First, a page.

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Commodities Corner: Palladium has outperformed gold and silver this year, but may still have to room to climb

Palladium has outperformed gold and silver, as well as sister metal platinum, so far this year, and the market is showing some signs of further gains to come.

Palladium has outperformed other precious metals by a “healthy margin” in 2022, with the metal’s fortunes changing dramatically as events in Ukraine escalated, says Steven Dunn, head of exchange-traded funds at investment management firm abrdn.

Financial sanctions on Russia could have “worsened an already tight supply challenge, which is why you saw such a violent rally in the price,” says Dunn, adding that 45% of global palladium reserves are in Russia. Palladium futures touched record intraday highs in March above $3,400 an ounce.

But it’s hard to tell whether the price pullback since then presents a buying opportunity. “Ongoing supply issues would suggest support, but that could be overridden by central banks’ desire to tame inflation, which may lead to a global slowdown,” Dunn says.

On Oct. 18, palladium futures
PA00,
+3.26%

PAZ22,
+3.26%

settled at $2,013.90 an ounce on Comex, up more than 5% year to date. Platinum
PLF23,
+3.73%

PL00,
+3.73%

has seen prices decline of more than 6% this year, while gold
GC00,
+0.11%

GCZ22,
+0.11%

has fallen by 9.5%, and silver
SI00,
+1.75%

SIZ22,
+1.75%

has lost over 20%.

Palladium is a thinly traded market and, as such, is highly volatile, says Christopher Blasi, president of precious-metals dealer Neptune-GBX. The Russia-Ukraine war added a “highly unpredictable variable to the mix,” he says.

Sanctions on Russia limited supply, and Russia’s retaliation in response further boosted palladium prices. Sanctions also forced Russia-sourced palladium to go through third parties, further adding to the metal’s cost.

The metal’s price is now closer to the bottom of the trading range established over the past several years, Blasi says. “Palladium is at a good entry point right now,” and has shown “strong support right around $2,000.”

Based on technical analysis, the metal could have room to climb further, as prices may be headed toward a so-called “golden cross,” which is what happens when a short-term moving price average crosses above a longer-term moving average. It is an early indicator of a change in sentiment toward the asset, says Bob Minter, director of ETF investment strategy at abrdn.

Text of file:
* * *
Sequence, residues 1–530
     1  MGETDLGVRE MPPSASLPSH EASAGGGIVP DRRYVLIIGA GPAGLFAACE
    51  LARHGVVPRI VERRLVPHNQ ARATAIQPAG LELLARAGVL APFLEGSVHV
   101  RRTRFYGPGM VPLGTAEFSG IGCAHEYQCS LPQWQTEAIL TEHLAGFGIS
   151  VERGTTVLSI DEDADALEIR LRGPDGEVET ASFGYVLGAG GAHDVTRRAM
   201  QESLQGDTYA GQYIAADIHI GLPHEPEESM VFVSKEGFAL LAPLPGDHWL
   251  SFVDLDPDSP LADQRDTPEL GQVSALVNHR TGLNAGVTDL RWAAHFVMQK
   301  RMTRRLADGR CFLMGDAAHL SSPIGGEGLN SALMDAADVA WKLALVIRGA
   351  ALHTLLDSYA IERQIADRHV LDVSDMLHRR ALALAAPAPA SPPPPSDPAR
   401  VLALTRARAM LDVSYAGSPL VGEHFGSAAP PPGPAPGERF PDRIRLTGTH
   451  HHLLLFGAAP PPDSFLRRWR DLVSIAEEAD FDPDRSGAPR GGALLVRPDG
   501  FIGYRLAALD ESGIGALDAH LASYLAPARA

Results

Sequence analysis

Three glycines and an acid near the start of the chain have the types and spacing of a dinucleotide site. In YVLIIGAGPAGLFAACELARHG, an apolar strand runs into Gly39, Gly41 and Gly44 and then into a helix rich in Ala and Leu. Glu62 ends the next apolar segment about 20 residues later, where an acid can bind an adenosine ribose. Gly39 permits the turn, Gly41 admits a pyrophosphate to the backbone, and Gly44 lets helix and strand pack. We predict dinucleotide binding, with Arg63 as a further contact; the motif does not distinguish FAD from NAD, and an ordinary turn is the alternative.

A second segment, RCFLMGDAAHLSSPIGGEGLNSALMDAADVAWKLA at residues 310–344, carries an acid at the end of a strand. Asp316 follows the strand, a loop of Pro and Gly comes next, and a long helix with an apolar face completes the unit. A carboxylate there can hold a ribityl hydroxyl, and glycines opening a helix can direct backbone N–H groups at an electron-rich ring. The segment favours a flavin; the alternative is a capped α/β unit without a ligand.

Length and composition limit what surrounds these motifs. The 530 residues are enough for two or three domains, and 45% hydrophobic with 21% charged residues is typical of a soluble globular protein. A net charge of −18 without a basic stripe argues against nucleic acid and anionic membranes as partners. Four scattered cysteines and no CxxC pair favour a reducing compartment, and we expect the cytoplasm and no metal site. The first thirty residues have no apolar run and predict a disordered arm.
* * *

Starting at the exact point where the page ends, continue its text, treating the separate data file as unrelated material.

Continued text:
Palladium futures aren’t quite there, and may not get there soon, but based on the trajectory of the 50-day and 200-day moving averages, prices appear to be headed toward a golden cross, according to an analysis by Dow Jones Market Data.

Most-active palladium futures prices compared with the 50-day and 200-day moving averages.

FactSet

The last time palladium had a golden- cross event was on March 11, 2022—and prices then fell 13.6%, on March 14. On Oct. 18, the 50-day moving average was at $2,138.13 an ounce, while the 200-day moving average stood at $2,163.73, FactSet data show. “Golden crosses can send false signals on really violent price action,” says Minter.

Currently, the market is “evaluating the large negative effects of central bank policy and the potential for those policies to be reversed or moderated, which would help drive the affordability of autos, a key demand driver for palladium,” says Minter.

Auto affordability has been strained, given interest rates and prices, he says. However, in the medium term, hybrids are a “sweet spot” for auto makers as buyers “dip their feet into the cars that run on gasoline but have a battery assist to improve mileage.”

Some localities have banned internal-combustion-engine, or ICE, vehicles in five to 10 years, but “hybrids do not count as ICE in these bans,” Minter says. So palladium demand “may surprise,” as analysts see ICE and electric vehicles as “black and white while ignoring the ‘gray’ area of hybrids.”

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